That’s the direct approach. She’ll probably get a bit annoyed with it but she will get the point if you are more direct about things. And ask her to do it right then and there. Just stand around and wait as if you need this done.
And when she does it say “great, thanx so much, i really appreciate it”.

Just a thought. Don’t know if it is a great one. I was one of the messy ones.

charliecompany34's avatar

cook dinner for yourself and nobody else. matter of fact, cook all your meals for just you alone. get rid of the liquor or hide it. turn off the heat. turn off the AC. make your home uncomfortable on all fronts. when the comforts of home are gone, people eventually leave.

cookieman's avatar

@juniper: Not sure if you’re a boy or girl, but either way…grow a set.

She’s clearly not a friend in the true sense of the word.

The fact that you said you could bite your tongue, but for your roomate’s sake tells me you don’t feel your worth respecting.

Well guess what? You are!

I have a new word for you: “NO!” Try it out on this piece of work.

Darwin's avatar

I would tend to simply say that this isn’t a good time. If she persists, then tell her how you and your roommates feel and suggest a nice but inexpensive hotel. Then stand your ground.

If you choose to let her stay but stand over her constantly to get her to obey the house rules you would be doing her a favor in the long run as she didn’t learn that stuff from her parents (although they may have tried to teach her). However, being a parent is exhausting and in fact you aren’t her parent.

She sounds rather too self-centered to really be your friend.

susanc's avatar

Talk it over with the housemates. When she shows up again, tell her the three of you can’t let her back in, she’s too disruptive. Then go out for lunch with her. Have fun. She’s your friend. But she doesn’t belong in your household (or mine).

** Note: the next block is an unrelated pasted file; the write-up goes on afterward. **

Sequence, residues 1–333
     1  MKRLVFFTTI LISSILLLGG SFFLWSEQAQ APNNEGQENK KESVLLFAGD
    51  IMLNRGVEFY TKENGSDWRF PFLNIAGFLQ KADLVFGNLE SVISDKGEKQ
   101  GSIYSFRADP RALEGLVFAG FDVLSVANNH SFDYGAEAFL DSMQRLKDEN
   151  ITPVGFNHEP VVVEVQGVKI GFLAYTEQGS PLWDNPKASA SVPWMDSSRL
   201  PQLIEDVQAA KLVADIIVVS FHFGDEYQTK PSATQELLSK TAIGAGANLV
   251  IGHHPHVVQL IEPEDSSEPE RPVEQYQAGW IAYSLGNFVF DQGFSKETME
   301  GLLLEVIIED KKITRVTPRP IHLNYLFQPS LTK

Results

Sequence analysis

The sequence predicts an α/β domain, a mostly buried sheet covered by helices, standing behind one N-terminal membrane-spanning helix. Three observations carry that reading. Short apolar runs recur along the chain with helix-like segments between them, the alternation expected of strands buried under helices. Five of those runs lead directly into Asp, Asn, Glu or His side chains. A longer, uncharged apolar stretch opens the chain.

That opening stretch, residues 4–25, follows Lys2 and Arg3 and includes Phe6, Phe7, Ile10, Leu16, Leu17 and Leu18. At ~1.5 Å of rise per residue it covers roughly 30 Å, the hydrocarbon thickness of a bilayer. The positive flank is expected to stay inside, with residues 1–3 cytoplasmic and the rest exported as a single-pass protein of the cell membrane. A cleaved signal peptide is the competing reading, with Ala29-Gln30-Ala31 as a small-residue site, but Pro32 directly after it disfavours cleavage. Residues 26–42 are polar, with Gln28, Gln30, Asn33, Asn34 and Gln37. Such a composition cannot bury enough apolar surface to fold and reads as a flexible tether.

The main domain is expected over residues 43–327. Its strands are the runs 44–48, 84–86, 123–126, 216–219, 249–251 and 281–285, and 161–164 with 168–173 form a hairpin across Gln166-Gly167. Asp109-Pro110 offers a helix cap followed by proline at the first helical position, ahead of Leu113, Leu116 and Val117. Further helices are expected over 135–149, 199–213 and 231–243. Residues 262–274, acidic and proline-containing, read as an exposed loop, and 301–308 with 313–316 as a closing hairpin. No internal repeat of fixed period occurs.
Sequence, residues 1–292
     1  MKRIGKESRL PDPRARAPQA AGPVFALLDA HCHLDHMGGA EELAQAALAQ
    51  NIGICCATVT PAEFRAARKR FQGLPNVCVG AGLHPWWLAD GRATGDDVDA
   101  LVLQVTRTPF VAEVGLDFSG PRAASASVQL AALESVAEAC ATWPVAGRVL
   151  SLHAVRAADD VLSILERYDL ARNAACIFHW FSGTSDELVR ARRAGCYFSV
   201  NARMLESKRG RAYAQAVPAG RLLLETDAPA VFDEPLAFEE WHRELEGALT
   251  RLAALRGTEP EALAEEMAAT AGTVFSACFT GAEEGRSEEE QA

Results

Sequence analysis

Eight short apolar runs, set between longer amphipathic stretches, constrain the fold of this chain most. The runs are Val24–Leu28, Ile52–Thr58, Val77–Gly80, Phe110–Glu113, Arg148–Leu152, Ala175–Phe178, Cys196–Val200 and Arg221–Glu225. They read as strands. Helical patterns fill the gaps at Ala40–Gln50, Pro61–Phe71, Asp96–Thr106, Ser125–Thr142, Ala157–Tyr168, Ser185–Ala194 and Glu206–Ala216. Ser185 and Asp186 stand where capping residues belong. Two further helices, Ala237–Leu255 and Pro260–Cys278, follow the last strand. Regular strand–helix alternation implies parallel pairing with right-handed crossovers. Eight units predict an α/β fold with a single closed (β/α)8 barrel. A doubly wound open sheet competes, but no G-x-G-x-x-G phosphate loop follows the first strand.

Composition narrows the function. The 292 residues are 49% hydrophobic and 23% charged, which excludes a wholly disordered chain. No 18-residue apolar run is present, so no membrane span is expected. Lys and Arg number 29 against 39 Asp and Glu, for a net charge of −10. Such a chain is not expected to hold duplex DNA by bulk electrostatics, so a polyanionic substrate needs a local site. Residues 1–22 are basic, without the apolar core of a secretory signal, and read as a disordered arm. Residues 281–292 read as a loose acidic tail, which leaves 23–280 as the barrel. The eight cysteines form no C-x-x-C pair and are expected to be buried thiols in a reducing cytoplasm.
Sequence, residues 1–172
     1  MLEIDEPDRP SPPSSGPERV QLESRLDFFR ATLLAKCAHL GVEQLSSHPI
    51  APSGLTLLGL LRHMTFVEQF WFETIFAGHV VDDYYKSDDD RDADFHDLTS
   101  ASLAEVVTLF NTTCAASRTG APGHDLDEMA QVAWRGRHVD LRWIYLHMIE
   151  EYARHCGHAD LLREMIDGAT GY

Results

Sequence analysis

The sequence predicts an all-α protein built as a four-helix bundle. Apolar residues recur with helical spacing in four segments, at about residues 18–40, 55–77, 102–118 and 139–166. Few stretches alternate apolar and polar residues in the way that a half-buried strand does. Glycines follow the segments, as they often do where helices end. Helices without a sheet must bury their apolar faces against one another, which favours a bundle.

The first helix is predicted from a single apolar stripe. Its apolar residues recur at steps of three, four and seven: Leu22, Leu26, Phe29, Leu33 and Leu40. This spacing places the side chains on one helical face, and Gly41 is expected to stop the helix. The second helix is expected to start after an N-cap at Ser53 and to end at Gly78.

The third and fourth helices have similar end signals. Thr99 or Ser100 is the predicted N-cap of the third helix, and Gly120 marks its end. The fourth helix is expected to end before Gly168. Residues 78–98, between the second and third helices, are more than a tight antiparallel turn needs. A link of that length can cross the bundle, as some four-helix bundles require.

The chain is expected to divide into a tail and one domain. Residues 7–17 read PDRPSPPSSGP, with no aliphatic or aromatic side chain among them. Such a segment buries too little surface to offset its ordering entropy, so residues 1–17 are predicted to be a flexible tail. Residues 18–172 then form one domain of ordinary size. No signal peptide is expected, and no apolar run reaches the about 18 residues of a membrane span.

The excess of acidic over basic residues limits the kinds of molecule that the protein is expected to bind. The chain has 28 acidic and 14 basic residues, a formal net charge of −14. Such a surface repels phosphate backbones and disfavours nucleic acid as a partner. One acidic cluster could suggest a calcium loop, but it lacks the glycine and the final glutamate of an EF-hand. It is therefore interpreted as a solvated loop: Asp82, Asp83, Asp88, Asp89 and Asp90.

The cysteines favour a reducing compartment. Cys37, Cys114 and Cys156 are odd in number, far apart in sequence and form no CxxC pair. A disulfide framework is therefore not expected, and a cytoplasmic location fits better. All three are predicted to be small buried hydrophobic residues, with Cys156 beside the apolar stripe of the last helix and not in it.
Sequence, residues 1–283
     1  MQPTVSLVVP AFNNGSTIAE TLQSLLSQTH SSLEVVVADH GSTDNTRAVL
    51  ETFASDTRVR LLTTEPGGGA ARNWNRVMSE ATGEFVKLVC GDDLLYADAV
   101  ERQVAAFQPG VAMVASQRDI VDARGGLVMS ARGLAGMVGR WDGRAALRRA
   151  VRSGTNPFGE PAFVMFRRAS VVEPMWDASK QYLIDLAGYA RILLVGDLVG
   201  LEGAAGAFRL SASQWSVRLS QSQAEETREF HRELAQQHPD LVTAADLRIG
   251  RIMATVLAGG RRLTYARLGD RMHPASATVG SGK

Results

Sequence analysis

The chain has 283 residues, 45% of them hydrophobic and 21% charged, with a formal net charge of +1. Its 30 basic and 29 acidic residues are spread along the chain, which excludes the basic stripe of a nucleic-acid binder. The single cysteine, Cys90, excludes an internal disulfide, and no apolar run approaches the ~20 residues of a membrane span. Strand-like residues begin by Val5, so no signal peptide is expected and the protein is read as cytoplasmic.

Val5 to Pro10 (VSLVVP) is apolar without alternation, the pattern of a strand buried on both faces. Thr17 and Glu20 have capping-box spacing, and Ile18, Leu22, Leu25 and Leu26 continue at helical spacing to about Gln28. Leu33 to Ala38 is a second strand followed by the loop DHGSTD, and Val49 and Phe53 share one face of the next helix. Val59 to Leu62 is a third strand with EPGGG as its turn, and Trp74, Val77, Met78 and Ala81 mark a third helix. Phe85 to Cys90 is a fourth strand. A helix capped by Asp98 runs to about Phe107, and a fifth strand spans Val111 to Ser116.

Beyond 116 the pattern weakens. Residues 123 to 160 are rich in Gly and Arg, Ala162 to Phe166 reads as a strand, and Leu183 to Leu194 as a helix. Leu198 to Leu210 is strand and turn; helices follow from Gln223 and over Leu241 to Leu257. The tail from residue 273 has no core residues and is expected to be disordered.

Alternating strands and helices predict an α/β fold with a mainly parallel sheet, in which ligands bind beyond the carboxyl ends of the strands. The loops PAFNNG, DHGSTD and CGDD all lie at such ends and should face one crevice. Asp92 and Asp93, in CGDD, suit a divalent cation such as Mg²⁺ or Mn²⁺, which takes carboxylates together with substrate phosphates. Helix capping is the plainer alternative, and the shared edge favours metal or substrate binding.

Disc2021's avatar

I would say it’s time for an intervention.

You dont have to be rude about it – but rudeness and firmness are two different things. Just politely tell her that it’s either she minds her manners and respects your house while she’s around or she’s going to have to look for another place to stay. Explain that not only is it unfair to you, but your roommates as well to deal with her inconsiderate behavior.

I’m a man of second-chances, so if she promised to keep it clean while she was over I’d let her back in. But after that, I say you would be perfectly understood by giving her the boot on the spot.

Jeruba's avatar

Point her to the nearest Motel 6.

juniper's avatar

Thanks to everyone who was willing to offer advice in a polite, respectful way. As a sensitive person, I really appreciate this kind of conversation.

Anyway, it’s helpful for me to see that I wasn’t blowing things out of proportion. I’m working on a solution, now.

cookieman's avatar

@juniper: If nothing else, be assured your instincts were right on. Best of luck with this.

cwilbur's avatar

The key to your problem is this: “She’s not visiting me, she’s just staying with me while she flits about.” She’s treating you like a free hotel, not a friend. Asking—no, telling—her not to stay there anymore is the first thing you should do.

If you need a suggestion: “Look, the last time you were here I asked you to be quiet when you came in and to clean up after yourself. You didn’t. I’m afraid this really irritated me and my roommates, and so we really can’t extend you the hospitality of our couch and kitchen if this is how you treat us.”

cookieman's avatar

^^ exactly ^^

susanc's avatar

With regard to cwilbur’s civil suggestion: Don’t use the words “if this is how you treat us”. It IS how she treats you. You asked her to change. She didn’t. It’s your move.